Sci-Fi Fanatics Suspected of Arson as Wildfires Near Chernobyl Create World’s Worst Air Pollution

This satellite image shows the burned area around Chernobyl in Ukraine on April 10, 2020, following an outbreak of wildfires.
This satellite image shows the burned area around Chernobyl in Ukraine on April 10, 2020, following an outbreak of wildfires.
Image: Copernicus Sentinel-2

Wildfires are burning yet again in the area outside the Chernobyl Nuclear Power Plant in Ukraine. The latest round of blazes has sent smoke traveling to the capital of Kyiv, creating some of the worst air pollution in the world.

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The Chernobyl area has been on fire off and on since last week, and in a weird twist, cult-like devotees to a Soviet-era sci-fi novel may be to blame. By Monday, Ukraine officials said they had managed to put the fires out only for new ones to pop up. The new ones haven’t yet reached the defunct power plant’s 1,000 square mile exclusion zone where the radioactive contamination from the 1986 nuclear disaster is highest.

The Ukrainian government has said the fires are burning west of the zone near the district of Olevs’kyi, as well as southwest near the city of Zhytomyr. The government is fighting the fire with aircraft, as well as using military-grade bulldozers to clear roads in hard-to-reach forested areas, according to a statement. While the fact that radioactive material isn’t yet burning may bring some relief for the residents of Kyiv, the air quality as a result of these fires is still really damn bad.

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On Thursday, the city topped the world ranking for worst air quality, according to data from United Nations-run IQAir. The city’s air quality jumped to 393 on the air quality index. That’s considered “hazardous,” the worst rating on the index. By Friday, the capital’s air quality improved somewhat, ranking it below Chinese cities like Shenyang, Shanghai, and Hangzhou where air pollution levels are higher for the moment. Kyiv’s air remains unhealthy for sensitive groups, though.

What’s more, Ukraine is in the middle of the coronavirus crisis like the rest of us. So far, the country has confirmed more than 4,600 cases of the virus with at least 125 deaths. People in Kyiv are mostly home due to the coronavirus lockdown, which could help protect them from the twin dangers the city is facing. Preliminary research shows that exposure to air pollution may increase the likelihood of death from the highly contagious virus.

Unfortunately, the situation may get worse before it gets better. Strong winds blowing the smoke east toward Kyiv are also helping fuel the spread of the fires, Thomas Smith, an assistant professor of environmental geography at the London School of Economics and Political Science, told Earther. Satellite images clearly show the way winds are fanning the flames and sending dangerous smoke straight to Kyiv.

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“[W]e’ve just got the perfect storm with a very intense fire burning through lots of material with the wind blowing just in the right direction, and with the right strength as well,” Smith said.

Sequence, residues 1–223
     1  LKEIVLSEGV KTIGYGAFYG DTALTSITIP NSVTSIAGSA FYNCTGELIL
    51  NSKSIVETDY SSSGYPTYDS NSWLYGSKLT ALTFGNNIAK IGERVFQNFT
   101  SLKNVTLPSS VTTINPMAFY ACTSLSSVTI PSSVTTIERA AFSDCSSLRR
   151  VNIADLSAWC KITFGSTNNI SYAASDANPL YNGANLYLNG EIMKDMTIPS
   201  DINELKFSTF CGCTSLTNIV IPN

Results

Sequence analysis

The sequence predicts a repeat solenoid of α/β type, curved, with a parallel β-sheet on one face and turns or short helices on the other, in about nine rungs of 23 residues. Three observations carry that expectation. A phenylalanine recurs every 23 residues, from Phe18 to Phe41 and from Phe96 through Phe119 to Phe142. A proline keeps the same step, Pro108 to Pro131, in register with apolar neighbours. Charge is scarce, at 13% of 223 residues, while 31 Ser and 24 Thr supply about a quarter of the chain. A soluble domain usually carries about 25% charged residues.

The strong winds could also blow the fires east toward Chernobyl’s exclusion zone, which would again raise the risk of radioactive contamination spreading through smoke. The recently squelched fires approached close to the defunct nuclear power plant. But if the new fires enter the exclusion zone, they will likely near a dump of radioactive waste that is stored on-site. That would present an entirely new threat to public health and safety.

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The same wind patterns are expected to continue for a few days, Mark Parrington, a senior scientist at the Copernicus Atmosphere Monitoring Service for the European Centre for Medium-Range Weather Forecasts, told Earther in an email.

Ukraine’s wildfires are off to a terrifying start this year: Its total fire intensity—a metric defined by heat intensity—for March and April 2020 have been “well above” the 2003 to 2019 average, according to Parrington. He also noted that the total estimated carbon emissions for the March 1 to April 16 period in Ukraine have been the highest among the 18 years’ worth of global fire data the service has. Luckily, grasslands typically grow back in a year, offsetting whatever emissions they release.

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Still, this is a grave situation for Ukraine. The fires are likely caused by arson, with some Chernobyl tour operators blaming “stalkers,” a group of cult-like exclusion zone explorers inspired by the 1972 sci-fi novel Roadside Picnic. Guides believe the stalkers are intentionally setting fires as the pandemic pauses tourism at the plant. As if things couldn’t weirder.

What we do know is that the world is growing warmer and drier, creating the perfect conditions for these types of fires to spark and spread throughout the landscape. Even a radioactive landscape. That’s enough to freak me out, even without the sci-fi arsonist thing.

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Yessenia Funes is climate editor at Atmos Magazine. She loves Earther forever.

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